When I undertake a heavy detailed assessment (a working definition of which is more than 2 days or more than 2 boxes of documents to read) there are three indispensable things I require in order to function efficiently. The first is good coffee. The second is a bacon sandwich. The third is “Old Faithful”. Here is a picture of “Old Faithful”.
Old Faithful (and its predecessor now retired due to metal fatigue) demonstrate the falsity of the lie I was told some 25 years ago, when considering a career at the Bar, namely that although earnings could vary dramatically, at least it was “an inside job, without heavy lifting”. Old Faithful enables boxes, files and piles of paper to be transported efficiently and without strain, from car to court.
The reason of course that Old Faithful exists, is because despite being able to type this post on a computer in my study, or my room in chambers, or on the train, and upload it remotely, so that you can read it anywhere in the world, the Digital Age has not yet reached the civil courts.
We exist in a paper based system, and so for the assessment of costs, the papers have to be lodged at court and copies transported there in case the costs judge wishes to read them.
There seems no imminent change likely: recently a District Judge in the County Court at Slough, wrote to the Times rebutting the notion that he was about to lose his judicial lavatory, by pointing out that he had never had one, did not have a retiring room, worked in a building with a leaking roof, and also pointed out that in terms of IT, his building did not have Wifi and the computers ran on Windows XP.
It is accordingly against this backdrop, that one considers the Briggs report, a copy of which can be found here: The Civil Courts Structure Review Interim Report. This document repays careful reading, not least because of the speculation that the author’s hat is in the ring to become the next Master of the Rolls.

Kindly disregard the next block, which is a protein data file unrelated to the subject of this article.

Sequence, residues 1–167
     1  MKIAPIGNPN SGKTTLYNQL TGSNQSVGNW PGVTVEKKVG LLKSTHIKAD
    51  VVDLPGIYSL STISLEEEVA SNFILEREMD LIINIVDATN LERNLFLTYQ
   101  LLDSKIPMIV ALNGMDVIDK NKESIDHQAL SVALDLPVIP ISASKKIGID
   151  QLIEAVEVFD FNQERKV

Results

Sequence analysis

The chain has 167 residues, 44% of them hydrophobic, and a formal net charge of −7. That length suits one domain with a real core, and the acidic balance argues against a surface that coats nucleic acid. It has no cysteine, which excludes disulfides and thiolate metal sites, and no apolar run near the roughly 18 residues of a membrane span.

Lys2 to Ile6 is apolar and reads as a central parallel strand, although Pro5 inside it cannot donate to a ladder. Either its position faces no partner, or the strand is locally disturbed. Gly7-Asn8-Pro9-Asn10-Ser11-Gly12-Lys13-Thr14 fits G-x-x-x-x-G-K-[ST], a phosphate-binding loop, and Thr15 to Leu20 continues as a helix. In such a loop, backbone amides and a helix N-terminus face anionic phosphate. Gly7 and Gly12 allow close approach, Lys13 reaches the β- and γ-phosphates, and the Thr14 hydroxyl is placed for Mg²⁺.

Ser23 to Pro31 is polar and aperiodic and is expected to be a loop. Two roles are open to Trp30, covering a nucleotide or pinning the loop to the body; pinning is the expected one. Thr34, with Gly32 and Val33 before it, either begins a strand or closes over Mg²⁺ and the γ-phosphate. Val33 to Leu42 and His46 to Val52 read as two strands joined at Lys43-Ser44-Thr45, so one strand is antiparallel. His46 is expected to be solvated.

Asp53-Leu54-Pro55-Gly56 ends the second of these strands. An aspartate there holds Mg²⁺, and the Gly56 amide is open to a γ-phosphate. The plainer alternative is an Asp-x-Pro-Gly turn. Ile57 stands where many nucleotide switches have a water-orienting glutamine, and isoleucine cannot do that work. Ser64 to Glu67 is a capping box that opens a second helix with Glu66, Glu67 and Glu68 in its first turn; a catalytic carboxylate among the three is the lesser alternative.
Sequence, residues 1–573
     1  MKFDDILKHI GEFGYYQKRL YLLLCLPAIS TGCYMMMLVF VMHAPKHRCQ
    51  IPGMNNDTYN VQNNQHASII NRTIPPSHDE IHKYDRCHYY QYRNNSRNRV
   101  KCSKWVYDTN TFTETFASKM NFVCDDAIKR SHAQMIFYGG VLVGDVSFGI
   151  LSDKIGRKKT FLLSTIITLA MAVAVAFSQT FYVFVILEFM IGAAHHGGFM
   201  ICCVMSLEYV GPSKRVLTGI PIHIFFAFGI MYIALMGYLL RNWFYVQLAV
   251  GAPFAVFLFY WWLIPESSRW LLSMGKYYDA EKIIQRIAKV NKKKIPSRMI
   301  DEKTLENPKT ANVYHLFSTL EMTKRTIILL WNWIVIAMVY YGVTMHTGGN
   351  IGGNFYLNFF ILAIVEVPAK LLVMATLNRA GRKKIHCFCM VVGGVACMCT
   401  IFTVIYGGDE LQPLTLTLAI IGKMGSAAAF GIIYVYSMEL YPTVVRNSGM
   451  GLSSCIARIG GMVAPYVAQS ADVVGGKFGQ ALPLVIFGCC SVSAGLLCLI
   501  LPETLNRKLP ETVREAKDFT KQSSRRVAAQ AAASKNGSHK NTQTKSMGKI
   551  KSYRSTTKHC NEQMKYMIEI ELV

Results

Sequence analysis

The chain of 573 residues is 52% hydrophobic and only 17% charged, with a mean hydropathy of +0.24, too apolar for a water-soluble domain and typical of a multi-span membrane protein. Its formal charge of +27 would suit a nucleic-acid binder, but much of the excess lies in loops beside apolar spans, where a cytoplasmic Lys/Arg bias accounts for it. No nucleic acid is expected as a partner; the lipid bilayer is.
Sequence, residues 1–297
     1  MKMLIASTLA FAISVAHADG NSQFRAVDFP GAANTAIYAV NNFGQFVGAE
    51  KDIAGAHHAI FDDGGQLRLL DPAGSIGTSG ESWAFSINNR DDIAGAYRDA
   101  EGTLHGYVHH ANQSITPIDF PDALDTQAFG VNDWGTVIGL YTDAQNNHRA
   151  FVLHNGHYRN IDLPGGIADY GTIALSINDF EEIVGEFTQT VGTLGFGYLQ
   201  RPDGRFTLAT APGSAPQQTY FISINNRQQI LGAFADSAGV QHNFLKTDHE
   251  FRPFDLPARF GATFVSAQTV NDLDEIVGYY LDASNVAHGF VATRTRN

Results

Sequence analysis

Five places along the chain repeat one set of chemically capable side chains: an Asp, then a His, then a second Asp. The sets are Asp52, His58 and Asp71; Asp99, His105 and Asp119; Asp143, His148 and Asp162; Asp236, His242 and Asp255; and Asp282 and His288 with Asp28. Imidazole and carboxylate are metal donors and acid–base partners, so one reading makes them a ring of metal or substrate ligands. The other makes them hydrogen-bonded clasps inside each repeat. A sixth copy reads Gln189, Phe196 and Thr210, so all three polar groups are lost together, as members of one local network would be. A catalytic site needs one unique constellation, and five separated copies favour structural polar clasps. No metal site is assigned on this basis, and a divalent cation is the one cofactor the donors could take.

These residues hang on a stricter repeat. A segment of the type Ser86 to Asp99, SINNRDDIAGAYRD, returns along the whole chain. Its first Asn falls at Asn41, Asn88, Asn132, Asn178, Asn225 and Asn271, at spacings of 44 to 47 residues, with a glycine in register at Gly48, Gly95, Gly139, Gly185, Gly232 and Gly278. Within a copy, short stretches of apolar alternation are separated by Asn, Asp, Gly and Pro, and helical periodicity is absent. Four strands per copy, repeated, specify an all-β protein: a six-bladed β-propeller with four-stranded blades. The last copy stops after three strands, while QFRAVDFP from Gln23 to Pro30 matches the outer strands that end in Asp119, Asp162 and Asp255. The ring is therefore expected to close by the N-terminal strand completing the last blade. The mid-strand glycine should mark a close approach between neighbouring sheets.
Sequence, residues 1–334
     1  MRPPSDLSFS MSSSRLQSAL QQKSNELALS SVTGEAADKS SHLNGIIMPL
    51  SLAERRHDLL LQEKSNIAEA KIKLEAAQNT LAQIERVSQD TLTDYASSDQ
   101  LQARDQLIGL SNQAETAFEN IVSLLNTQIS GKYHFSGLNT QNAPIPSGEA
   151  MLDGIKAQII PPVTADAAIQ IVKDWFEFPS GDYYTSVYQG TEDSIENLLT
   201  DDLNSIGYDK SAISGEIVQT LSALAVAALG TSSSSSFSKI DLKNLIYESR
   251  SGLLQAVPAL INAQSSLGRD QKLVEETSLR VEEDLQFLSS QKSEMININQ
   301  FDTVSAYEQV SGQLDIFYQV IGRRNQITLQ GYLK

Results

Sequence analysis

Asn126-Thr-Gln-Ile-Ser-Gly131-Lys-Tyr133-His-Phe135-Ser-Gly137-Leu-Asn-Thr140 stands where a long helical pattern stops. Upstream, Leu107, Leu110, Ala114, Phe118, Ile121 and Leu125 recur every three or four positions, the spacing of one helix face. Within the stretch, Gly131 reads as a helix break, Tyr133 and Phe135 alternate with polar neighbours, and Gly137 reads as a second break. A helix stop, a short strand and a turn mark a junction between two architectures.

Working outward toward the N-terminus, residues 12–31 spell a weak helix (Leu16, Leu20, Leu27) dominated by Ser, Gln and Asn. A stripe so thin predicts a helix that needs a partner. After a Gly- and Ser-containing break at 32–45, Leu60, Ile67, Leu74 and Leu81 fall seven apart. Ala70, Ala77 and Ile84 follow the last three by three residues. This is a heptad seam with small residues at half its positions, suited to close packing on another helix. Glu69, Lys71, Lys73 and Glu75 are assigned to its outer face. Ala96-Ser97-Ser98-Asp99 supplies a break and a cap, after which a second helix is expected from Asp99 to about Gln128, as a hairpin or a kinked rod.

The report also, though not directly concerned with the law and practice of costs, will certainly impact upon it as recognised in the text and ones notes the language used when discussing the former Access to Justice Act 1999 with its scheme of recoverable liabilities:
3.3. It is no criticism of what are generally called the Jackson Reforms that they were, and their implementation has been, primarily directed to curing very serious abuses and disproportionality in the cost of conducting personal injuries litigation.
3.4. Certain recommendations made by Jackson LJ have not been implemented. In particular, fixed costs have yet to be applied to parts of the fast track or considered for application above the fast track, although there is now a proposal from the Department of Health that a fixed costs regime should be implemented for all clinical negligence cases where the claim does not exceed £250,000. There is growing pressure for an upwards extension of a fixed costs regime across the whole of civil litigation. It is important to my analysis because, although costs reforms are not part of my terms of reference, their availability as an adjunct or an alternative to structural change is material when considering how to address the formidable barriers to access to civil justice still represented by the costs likely to be both incurred and risked by the average litigant.
It also ominously contemplates further costs reforms as an alternative to structural change: in effect implying that if the report’s vision for digitisation of the courts does not come to pass something must be done, in order to further reduce costs.
The report is not directly concerned with the HMCTS reform programme including IT, but describes what is happening in these terms: